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Maize production to stagnate as fertiliser prices rise & farmers find lucrative alternatives —USDA report

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By George Munene

According to a report by the United States Department of Agriculture (USDA) Foreign Agriculture Office, Kenya’s maize harvests will remain unchanged this year due to a 71 per cent rise in fertilizer prices and the emergence of more lucrative alternative crops.

Per the report, rice production is forecast to increase by 12 per cent, as will wheat demand.



Kenya’s maize production between 2022-2023 is expected to remain unchanged at 3.2 million metric tons (MMT) due to high fertilizer prices and farmers switching to alternative crops such as sugarcane.

At the time of the report’s assessment, fertilizer prices were Sh 6,000 per 50kg bag, a 71 per cent increase from the previous year’s Ksh 3,500 per bag.

More broadly in Kenya, some corn farmers are switching to more lucrative crops such as avocado and macadamia. The area harvested will continue to decrease with industry sources indicating that some farmers in the North Rift Region (which produces about 40 percent of Kenya’s corn) are switching to alternative crops such as sugarcane. For many farmers, sugarcane represents a better return on investment, particularly due to lower labor and tending requirements compared to corn. These lower requirements allow farmers to pursue off-farm employment after planting. Farmers who contract with private sugar mills also have an assured farm-gate price and are provided labor for harvesting by mills. The switch to sugar will be facilitated by the establishment of a new private sugar mill at Naitiri in neighboring Bungoma County. 

Additionally, due to Kenya’s ongoing feed crisis, some farmers are harvesting their maize prematurely for silage. Kenya is currently suffering from a sharp increase in feed ingredient costs, ranging from 30 to 70 percent in 2021, varying by commodity. This crisis makes silage more attractive to farmers due to high feed prices,” reads the report.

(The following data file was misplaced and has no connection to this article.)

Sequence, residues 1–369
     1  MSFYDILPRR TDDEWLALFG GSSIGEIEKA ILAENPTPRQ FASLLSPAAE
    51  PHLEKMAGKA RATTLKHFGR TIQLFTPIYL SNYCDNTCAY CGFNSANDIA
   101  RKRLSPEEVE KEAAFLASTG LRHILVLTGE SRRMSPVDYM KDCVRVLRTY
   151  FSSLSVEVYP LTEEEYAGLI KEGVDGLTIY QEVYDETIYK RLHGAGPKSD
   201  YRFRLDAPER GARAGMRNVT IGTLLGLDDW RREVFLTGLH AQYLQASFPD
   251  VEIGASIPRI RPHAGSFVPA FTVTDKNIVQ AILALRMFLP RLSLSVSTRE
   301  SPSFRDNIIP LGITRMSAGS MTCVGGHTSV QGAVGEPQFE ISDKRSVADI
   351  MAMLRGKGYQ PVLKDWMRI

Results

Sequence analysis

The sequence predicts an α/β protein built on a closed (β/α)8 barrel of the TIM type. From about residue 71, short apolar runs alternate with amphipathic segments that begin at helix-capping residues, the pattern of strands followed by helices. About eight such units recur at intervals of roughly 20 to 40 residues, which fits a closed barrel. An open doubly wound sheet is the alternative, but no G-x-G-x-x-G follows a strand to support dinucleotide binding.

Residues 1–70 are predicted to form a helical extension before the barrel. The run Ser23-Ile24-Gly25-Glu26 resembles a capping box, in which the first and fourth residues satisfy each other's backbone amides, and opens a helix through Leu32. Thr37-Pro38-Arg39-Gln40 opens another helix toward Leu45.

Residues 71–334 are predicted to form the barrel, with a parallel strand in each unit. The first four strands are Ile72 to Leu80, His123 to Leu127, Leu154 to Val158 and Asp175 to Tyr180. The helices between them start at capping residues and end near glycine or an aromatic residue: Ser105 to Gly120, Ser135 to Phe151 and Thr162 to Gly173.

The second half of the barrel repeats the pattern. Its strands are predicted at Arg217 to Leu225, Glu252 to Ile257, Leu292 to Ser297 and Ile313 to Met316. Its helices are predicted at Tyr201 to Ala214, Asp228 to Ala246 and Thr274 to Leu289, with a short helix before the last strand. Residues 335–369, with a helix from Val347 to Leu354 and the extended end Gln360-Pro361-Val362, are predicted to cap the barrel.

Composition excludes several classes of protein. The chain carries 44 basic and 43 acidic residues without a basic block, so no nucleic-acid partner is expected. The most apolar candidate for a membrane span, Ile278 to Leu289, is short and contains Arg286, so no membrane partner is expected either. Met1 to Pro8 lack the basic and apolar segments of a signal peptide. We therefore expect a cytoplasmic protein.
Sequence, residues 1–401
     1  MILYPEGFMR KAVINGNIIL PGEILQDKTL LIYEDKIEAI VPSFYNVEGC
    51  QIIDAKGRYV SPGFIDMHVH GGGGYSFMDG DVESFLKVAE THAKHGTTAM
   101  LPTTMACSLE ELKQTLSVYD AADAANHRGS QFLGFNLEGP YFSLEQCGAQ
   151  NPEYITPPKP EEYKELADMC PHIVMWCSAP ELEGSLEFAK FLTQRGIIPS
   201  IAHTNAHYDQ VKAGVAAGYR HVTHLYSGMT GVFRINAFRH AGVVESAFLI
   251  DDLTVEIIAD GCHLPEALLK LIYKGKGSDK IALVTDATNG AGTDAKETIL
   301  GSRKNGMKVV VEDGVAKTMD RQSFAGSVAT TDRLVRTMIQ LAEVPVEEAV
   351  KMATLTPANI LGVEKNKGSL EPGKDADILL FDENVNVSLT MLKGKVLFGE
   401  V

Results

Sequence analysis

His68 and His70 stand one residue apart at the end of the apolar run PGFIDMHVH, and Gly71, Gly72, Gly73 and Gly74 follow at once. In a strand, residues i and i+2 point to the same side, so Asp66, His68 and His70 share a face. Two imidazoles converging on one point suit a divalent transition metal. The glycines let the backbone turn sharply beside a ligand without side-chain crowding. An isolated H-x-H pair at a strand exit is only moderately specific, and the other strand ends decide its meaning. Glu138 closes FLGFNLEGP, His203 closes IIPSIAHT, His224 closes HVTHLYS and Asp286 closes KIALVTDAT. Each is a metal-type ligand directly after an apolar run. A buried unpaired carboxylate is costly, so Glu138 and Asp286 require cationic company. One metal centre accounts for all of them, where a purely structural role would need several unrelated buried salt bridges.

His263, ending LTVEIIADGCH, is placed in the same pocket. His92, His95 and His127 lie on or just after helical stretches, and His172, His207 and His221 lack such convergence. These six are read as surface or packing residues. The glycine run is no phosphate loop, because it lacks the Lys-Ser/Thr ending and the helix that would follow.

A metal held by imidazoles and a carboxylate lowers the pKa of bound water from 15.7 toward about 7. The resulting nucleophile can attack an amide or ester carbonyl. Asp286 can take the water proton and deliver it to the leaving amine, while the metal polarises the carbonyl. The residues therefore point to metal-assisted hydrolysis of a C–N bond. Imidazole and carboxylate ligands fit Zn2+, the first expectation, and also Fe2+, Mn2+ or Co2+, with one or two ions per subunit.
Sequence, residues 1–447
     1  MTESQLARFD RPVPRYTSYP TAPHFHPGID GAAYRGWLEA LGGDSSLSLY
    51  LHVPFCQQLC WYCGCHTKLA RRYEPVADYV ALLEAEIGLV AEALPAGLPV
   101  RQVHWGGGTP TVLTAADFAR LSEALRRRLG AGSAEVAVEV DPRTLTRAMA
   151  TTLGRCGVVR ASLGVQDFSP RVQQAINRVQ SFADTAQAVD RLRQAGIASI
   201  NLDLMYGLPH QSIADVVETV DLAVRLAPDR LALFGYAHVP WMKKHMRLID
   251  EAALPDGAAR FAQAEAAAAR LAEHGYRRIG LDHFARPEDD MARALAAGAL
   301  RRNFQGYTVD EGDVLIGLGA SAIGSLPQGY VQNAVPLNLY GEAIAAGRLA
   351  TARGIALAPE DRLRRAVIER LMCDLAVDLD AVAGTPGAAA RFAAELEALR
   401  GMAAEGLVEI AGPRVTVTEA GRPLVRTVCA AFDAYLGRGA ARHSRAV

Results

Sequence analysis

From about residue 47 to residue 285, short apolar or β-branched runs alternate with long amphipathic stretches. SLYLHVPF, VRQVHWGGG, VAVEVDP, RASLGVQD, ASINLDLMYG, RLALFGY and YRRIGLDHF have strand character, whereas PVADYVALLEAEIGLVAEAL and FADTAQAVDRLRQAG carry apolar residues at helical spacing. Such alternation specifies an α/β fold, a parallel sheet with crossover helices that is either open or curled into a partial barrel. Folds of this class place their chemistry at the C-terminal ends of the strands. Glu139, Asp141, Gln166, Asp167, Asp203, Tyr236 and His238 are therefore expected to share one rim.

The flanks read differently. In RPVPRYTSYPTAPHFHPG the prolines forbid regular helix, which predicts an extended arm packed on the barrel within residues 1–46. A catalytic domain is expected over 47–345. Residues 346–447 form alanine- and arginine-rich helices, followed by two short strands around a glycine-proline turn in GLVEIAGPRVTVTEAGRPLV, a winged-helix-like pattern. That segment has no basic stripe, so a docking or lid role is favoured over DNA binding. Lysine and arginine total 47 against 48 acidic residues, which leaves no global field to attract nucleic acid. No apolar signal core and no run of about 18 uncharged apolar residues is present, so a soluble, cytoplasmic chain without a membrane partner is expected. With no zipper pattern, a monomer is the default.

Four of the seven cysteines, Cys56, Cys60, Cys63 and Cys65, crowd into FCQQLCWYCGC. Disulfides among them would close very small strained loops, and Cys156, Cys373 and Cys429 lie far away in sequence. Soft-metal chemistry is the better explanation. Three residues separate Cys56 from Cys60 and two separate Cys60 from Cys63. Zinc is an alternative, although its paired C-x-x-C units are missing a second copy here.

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Despite low domestic production, the prices for maize are likely to remain the same as in 2021 at Sh 2,700 for a 90-kilogram bag. This the report says owes to shifting consumer tastes and the phasing out of the government’s strategic food reserves (SFR) program.



Rice harvests will rise from 80,000 MT to 90,000 metric tons (MT) due to the expansion of the Mwea irrigation scheme following the completion of the Thiba Dam. 

This however is well short of the projected 720,000 MT demand, a three per cent increase from the previous year driven mainly by the re-opening of the hospitality sector following COVID-19 lockdowns.

The prices for milled rice are expected to remain steady in the current range of Ksh 110 per kilogram and Ksh130 with aromatic rice selling at higher prices.

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Demand for wheat is expected to rise to 2.25 MMT from 2.2 MMT. This is a result of restaurants, and bars remaining open and the tourism sector rebounding as.COVID-19 restrictions are lifted.

While high fertilizer prices will impact wheat production, the effect will be less severe than it will be for maize farmers. Kenya’s wheat farmers operate on a larger scale are more commercially oriented, and have greater access to financial resources which will help absorb higher fertilizer costs.

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